River Research and Applications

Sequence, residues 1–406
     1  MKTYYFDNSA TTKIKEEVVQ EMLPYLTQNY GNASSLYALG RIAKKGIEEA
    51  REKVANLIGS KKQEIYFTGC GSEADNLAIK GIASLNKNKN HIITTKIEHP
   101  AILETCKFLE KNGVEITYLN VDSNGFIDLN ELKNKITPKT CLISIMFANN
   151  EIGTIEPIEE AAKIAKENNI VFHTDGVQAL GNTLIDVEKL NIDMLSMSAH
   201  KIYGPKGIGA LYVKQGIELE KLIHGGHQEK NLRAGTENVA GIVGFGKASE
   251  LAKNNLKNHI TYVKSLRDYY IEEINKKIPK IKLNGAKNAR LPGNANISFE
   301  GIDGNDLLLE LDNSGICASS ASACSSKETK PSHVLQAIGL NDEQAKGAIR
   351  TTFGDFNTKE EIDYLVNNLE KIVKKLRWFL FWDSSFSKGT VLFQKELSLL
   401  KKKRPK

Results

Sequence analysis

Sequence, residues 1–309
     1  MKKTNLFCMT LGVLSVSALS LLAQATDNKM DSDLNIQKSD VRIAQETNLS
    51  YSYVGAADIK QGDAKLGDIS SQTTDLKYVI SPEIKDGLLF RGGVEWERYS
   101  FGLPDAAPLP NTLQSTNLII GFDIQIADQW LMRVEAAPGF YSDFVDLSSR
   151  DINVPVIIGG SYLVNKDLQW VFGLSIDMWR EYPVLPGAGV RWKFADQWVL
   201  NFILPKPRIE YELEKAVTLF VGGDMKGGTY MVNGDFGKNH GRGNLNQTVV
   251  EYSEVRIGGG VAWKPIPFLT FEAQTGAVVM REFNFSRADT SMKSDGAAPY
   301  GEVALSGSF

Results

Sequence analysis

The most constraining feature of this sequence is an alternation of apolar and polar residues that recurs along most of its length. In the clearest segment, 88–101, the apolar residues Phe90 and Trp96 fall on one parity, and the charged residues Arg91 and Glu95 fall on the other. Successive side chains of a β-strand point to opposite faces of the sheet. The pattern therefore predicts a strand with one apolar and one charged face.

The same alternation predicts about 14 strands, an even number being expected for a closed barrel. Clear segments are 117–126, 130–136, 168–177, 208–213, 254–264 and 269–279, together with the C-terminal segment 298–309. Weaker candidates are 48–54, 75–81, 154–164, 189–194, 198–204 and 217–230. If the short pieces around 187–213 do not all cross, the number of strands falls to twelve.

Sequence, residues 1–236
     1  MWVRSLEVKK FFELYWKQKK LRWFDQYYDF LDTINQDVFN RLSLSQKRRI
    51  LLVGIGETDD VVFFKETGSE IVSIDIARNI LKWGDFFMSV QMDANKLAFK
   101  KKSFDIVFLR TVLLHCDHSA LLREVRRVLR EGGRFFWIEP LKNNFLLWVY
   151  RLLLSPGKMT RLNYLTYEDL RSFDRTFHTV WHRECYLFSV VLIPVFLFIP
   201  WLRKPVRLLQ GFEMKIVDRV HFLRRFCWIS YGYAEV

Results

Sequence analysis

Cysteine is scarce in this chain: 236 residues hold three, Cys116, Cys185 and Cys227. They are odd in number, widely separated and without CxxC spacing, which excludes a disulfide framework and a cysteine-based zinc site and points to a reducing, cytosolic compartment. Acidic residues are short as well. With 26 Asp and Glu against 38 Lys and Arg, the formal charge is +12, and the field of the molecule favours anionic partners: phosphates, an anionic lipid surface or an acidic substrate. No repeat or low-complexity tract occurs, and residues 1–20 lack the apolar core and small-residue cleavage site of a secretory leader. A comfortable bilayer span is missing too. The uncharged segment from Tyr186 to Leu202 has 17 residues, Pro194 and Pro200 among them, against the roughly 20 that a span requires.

This paper relates differences in flow hydraulics between a main channel (MC) and a side channel (SC) of a river to patterns of upstream migration by Neritina virginea (Neritidae: Gastropoda), a dominant diadromous snail in streams of Puerto Rico (Greater Antilles). Near-bed water velocity, snail density and shell size were measured on a weekly basis between August and December 2000 along cross-sections in a main channel (MC) and an adjacent channel (SC) under a bridge crossing of the Río Mameyes of Northeastern Puerto Rico. Near-bed velocity and water depth were used to compute Reynolds (Re) and Froude (Fr) numbers, and to classify flows within each channel. During base flow conditions (<2 m3 s−1), flow was chaotic and supercritical (Fr > 1) in the MC, and non-chaotic and subcritical (Fr < 1) in the SC. Higher mean densities (>100 ind m−2) of relatively small snails (mean ± s.d., 6.3 ± 2.8 mm) were consistently recorded in the MC. Conversely, the SC had lower mean densities (<20 ind m−2) and significantly larger snails (7.6 ± 2.4 mm). Within the MC, migratory groups preferred near-bed velocities > 0.8 m s−1. Within the SC, they preferred the channel thalweg and depths > 30 cm. The spatial arrangement that was observed between and within the channels may be related to food resources, predation pressure or biomechanics. Characteristics of preferred upstream migration pathways of N. virginea must be accounted when building road crossings in coastal streams with diadromous fauna. Published in 2007 by John Wiley & Sons, Ltd.
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